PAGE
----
Parasite by Mira Grant | Book Review

Rating: 5/10

Format:  Audio-book – Library

I read all three of Mira Grant’s Feed series, which I thought was pretty good and acceptably horrifying for the topic (Zombies). I want it written down that I predicted the “twist” to the Feed books and predicted the “twist,” to this book as well. Honestly, if you gave me this and the Feed books I would have told you she wrote this one first. It just doesn’t feel as sophisticated. I did finish it but I wasn’t thrilled about it.

Our protagonist, Sally, has been in a terrible car accident and has amnesia. Apparently, she used to be an incredibly difficult person. Which is kind of hilarious because Sally is painfully awful now.  She’s a whiny, confusing girl-from-a-box. It’s a lot of what drove me crazy about the first Twilight book– stop putting yourself in danger! You do not know what’s going on! Stop right where you are! So crazy. Anyway, so after her car accident, a company saves her life by installing their magical universal medicine tapeworm.

Yes, you did read that right. The Big Corporation(TM) peddles Magical Universal Medicine Tapeworms. And almost everyone has one in 2027! It is able to cure basically every disease. People don’t get sick anymore! Sadly that’s one of the more believable things that goes down in this book. Also, one of the first scenes in the book involves someone with a PhD handling a cadaver without gloves. UMMMMMMM. All of my higher education was in what people call the “soft” sciences- a label to which I take exception– BUT I did take biology as an undergrad, and spoiler alert: WEAR GLOVES IN THE LAB. Dude.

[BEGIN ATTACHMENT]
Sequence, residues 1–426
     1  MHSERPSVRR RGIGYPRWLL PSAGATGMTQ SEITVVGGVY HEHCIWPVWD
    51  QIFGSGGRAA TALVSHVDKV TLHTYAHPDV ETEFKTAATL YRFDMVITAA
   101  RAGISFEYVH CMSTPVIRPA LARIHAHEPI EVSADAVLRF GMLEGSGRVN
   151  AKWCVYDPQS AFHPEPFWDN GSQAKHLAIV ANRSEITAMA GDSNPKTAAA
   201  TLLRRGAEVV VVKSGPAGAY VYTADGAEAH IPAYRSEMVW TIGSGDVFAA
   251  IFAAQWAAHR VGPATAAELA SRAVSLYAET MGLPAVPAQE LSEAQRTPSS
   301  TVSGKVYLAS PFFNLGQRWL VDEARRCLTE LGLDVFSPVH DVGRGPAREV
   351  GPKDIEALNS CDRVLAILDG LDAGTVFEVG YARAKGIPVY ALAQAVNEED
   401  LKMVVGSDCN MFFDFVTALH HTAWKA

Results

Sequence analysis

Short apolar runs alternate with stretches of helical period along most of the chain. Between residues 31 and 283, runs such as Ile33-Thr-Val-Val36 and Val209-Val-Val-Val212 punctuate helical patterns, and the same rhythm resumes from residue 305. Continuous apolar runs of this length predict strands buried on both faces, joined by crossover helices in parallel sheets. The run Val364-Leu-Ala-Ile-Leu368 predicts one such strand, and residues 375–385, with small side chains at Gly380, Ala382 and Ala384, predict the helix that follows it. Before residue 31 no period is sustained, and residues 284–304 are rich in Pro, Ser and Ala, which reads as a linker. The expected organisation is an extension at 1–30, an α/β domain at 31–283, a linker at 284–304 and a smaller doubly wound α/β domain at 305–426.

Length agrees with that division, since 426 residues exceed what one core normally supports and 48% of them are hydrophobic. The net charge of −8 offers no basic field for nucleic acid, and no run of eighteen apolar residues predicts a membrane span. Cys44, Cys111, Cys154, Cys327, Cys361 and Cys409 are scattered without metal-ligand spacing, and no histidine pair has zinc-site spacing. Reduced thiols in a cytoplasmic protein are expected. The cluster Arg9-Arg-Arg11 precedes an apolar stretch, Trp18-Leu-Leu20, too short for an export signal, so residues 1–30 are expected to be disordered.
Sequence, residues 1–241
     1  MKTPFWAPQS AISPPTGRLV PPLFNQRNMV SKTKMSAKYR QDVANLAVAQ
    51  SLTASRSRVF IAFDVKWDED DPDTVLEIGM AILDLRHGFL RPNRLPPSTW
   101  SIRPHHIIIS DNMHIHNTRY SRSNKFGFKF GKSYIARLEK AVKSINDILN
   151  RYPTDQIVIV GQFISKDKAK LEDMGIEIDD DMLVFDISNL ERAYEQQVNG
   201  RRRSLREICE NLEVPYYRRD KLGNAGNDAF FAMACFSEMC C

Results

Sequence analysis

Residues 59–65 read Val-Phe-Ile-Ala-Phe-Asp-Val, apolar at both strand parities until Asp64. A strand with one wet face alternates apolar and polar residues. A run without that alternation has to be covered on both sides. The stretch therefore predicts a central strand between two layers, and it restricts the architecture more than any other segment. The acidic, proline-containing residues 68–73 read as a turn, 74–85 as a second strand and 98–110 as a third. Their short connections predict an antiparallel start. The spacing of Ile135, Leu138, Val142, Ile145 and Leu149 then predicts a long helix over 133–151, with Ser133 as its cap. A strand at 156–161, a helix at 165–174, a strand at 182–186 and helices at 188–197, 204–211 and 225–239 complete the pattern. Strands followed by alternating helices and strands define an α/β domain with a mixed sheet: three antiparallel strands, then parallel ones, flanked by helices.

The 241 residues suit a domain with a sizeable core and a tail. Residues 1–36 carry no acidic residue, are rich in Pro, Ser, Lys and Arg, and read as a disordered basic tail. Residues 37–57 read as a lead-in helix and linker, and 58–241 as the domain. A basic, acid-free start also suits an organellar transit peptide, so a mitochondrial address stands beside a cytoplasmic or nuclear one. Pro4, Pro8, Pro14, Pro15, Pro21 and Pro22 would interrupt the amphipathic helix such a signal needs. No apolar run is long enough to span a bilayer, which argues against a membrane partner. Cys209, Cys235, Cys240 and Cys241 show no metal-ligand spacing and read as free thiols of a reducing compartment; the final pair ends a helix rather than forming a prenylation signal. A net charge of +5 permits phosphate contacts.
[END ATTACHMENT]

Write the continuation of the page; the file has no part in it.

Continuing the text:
I probably wouldn’t be this mean about this book if I’d gone in with lower expectations. The Feed books were dark and complex and interesting. This book felt messy and predictable. The protagonist was un-root-for-able and honestly that’s enough for me right there. I won’t throw all of Mira Grant out, but definitely take a pass on the magical tapeworms.

Subjective Rating: 2/5

Objective Rating: 3/5

Advertisements

Northanger Abbey by Nancy Butler | Graphic Novel Review

Rating: 7/10

Format: Ebook – Owned

I really should have known better. As a fluffy Hufflepuff creature, I should love all things Jane Austen. I should love the romance and the English countryside and London society. I love tea and dresses and kissing, so what can I possibly dislike about Jane Austen? Honestly, I have no idea. I just don’t enjoy them. I’ve never enjoyed an Austen book and if I couldn’t enjoy this as a graphic novel, I think it’s time I hung up my hat.

To be clear, there’s nothing wrong with this story or this book. The art is beautiful, the pacing is great, and even the characters are interesting (sometimes). I just can’t make myself care about what’s happening. I found myself idly turning pages to look at the pictures without reading the words. Then I had to go back and figure out who was being proper with who and whether they were going to take in the air or whatever.

I have no idea why I’m so violently opposed to all things Austen. I read Emma in the 7th or 8th grade– probably in between The Three Musketeers and The Hunchback of Notre Dame. I was numbed by it. I kept trying though, I’ve tried a ton of her books over the years. Even Kate Winslet and Emma Thompson couldn’t make me enjoy Sense and Sensibility!

Anyway with that all said, I’m just the wrongest person to give anyone a real review of this piece. I can tell you the art was really nice.

Subjective Hearts:  3/5

Objective Hearts: 4/5

Never Let Me Go by Kazuo Ishiguro | Book Review

Rating: 8/10

Format:  Audio-Book – Library

Kathy’s lovely English boarding school – Hailsham – is exactly how every book has described English boarding schools since my mom used to read Roald Dahl to us. In fact, for the first few chapters, I was beginning to feel like I was missing something. This book is like one of those paintings that the more you look at it the weirder it becomes. Or like when you say a word too many times and it starts sounding like nonsense. Then it broke my tiny heart.